Reference : Generalising from conventional pipelines using deep learning in high‑throughput scree...
Scientific journals : Article
Life sciences : Multidisciplinary, general & others
Engineering, computing & technology : Multidisciplinary, general & others
Systems Biomedicine
http://hdl.handle.net/10993/48972
Generalising from conventional pipelines using deep learning in high‑throughput screening workfows
English
Garcia Santa Cruz, Beatriz mailto [University of Luxembourg > Luxembourg Centre for Systems Biomedicine (LCSB) > >]
Sölter, Jan []
Gomez Giro, Gemma [University of Luxembourg > Luxembourg Centre for Systems Biomedicine (LCSB) > Developmental and Cellular Biology >]
Saraiva, Claudia [University of Luxembourg > Luxembourg Centre for Systems Biomedicine (LCSB) > Developmental and Cellular Biology >]
Sabaté Soler, Sonia [University of Luxembourg > Faculty of Science, Technology and Medicine (FSTM) > Department of Life Sciences and Medicine (DLSM) >]
Modamio Chamarro, Jenifer []
Barmpa, Kyriaki [University of Luxembourg > Luxembourg Centre for Systems Biomedicine (LCSB) > Developmental and Cellular Biology >]
Schwamborn, Jens Christian [University of Luxembourg > Luxembourg Centre for Systems Biomedicine (LCSB) > Developmental and Cellular Biology >]
Hertel, Frank [University of Luxembourg > Faculty of Science, Technology and Communication (FSTC) > >]
Jarazo, Javier [University of Luxembourg > Luxembourg Centre for Systems Biomedicine (LCSB) > >]
Husch, Andreas mailto [University of Luxembourg > Luxembourg Centre for Systems Biomedicine (LCSB) > Interventional Neuroscience >]
6-Jul-2022
Scientific Reports
Nature Publishing Group
Yes (verified by ORBilu)
2045-2322
London
United Kingdom
[en] complex disease ; high-throughput screening ; image analysis ; deep learning approaches ; microscopy-image analysis
[en] The study of complex diseases relies on large amounts of data to build models toward precision
medicine. Such data acquisition is feasible in the context of high-throughput screening, in which
the quality of the results relies on the accuracy of the image analysis. Although state-of-the-art
solutions for image segmentation employ deep learning approaches, the high cost of manually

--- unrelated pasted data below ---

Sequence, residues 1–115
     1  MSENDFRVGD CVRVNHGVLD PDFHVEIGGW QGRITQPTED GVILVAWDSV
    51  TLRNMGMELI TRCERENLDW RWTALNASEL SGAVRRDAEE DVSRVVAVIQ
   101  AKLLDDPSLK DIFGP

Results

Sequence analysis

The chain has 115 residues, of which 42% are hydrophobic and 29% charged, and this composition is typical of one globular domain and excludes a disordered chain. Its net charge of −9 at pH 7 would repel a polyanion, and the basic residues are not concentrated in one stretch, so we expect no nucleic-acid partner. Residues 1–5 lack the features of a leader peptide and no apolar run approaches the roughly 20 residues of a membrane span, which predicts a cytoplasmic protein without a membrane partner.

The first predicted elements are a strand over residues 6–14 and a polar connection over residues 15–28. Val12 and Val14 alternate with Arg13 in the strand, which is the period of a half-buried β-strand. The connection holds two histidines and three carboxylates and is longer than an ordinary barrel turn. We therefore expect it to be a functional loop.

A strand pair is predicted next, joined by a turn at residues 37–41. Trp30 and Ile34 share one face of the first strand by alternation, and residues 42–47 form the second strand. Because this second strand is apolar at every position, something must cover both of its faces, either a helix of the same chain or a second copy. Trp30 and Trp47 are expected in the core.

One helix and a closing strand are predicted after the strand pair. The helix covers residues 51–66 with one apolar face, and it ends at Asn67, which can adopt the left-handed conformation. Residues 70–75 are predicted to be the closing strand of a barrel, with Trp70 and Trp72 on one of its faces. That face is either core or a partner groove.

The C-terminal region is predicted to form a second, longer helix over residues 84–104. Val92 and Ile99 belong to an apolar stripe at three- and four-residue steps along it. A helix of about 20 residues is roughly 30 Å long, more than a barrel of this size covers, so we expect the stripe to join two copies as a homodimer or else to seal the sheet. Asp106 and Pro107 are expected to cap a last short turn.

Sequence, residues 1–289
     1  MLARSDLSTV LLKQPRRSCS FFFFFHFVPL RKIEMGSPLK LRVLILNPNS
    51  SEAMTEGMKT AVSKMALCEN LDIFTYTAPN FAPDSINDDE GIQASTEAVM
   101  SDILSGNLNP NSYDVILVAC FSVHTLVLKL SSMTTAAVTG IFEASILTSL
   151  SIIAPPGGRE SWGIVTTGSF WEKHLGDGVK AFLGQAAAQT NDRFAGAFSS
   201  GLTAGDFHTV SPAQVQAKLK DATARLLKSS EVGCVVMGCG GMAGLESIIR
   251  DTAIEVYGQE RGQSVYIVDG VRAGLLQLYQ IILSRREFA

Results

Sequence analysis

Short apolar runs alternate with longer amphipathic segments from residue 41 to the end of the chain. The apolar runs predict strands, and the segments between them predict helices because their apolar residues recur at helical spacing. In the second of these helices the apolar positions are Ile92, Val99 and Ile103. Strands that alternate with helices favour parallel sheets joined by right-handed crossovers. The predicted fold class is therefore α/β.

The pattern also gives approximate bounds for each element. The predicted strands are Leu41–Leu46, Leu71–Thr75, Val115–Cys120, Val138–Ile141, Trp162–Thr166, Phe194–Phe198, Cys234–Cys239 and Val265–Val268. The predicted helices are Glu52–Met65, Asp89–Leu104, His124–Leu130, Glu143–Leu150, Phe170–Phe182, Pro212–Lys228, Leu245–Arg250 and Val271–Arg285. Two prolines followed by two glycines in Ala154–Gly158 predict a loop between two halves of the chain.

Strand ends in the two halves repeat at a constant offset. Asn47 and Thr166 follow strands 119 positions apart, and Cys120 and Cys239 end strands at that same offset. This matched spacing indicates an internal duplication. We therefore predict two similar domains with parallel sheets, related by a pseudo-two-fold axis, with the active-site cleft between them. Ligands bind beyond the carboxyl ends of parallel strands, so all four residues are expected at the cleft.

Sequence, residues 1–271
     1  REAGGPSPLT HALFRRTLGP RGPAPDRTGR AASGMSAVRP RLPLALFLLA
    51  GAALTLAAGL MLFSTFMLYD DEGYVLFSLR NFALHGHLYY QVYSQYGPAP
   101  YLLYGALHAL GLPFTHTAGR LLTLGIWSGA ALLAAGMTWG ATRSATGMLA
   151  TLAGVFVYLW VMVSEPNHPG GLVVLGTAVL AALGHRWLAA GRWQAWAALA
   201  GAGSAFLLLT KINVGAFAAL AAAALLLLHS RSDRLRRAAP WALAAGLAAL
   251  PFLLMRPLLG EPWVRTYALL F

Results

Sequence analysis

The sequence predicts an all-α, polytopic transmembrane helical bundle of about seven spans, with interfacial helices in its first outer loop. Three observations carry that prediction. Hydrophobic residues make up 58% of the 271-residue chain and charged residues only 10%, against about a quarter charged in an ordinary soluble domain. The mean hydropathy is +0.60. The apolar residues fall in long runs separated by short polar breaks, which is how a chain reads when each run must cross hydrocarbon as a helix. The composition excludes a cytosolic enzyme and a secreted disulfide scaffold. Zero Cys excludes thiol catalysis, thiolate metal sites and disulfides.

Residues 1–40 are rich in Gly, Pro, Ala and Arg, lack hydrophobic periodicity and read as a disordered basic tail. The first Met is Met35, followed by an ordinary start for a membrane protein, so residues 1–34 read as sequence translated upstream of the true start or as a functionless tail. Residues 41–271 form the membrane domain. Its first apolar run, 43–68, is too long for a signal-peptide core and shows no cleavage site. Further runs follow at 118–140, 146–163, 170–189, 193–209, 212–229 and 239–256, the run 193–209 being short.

generating ground truth labels for model training hampers the day-to-day application in experimental
laboratories. Alternatively, traditional computer vision-based solutions do not need expensive
labels for their implementation. Our work combines both approaches by training a deep learning
network using weak training labels automatically generated with conventional computer vision
methods. Our network surpasses the conventional segmentation quality by generalising beyond
noisy labels, providing a 25% increase of mean intersection over union, and simultaneously reducing
the development and inference times. Our solution was embedded into an easy-to-use graphical
user interface that allows researchers to assess the predictions and correct potential inaccuracies
with minimal human input. To demonstrate the feasibility of training a deep learning solution on a
large dataset of noisy labels automatically generated by a conventional pipeline, we compared our
solution against the common approach of training a model from a small manually curated dataset
by several experts. Our work suggests that humans perform better in context interpretation, such as
error assessment, while computers outperform in pixel-by-pixel fne segmentation. Such pipelines are
illustrated with a case study on image segmentation for autophagy events. This work aims for better
translation of new technologies to real-world settings in microscopy-image analysis.
Researchers ; Professionals ; General public
http://hdl.handle.net/10993/48972
10.1038/s41598-022-15623-7
https://www.nature.com/articles/s41598-022-15623-7

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